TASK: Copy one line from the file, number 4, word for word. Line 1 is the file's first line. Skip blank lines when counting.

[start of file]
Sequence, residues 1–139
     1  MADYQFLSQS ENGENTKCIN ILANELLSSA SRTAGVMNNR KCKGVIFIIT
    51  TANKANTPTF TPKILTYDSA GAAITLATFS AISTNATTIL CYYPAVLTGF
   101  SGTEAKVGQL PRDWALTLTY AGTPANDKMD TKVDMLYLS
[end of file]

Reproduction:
   101  SGTEAKVGQL PRDWALTLTY AGTPANDKMD TKVDMLYLS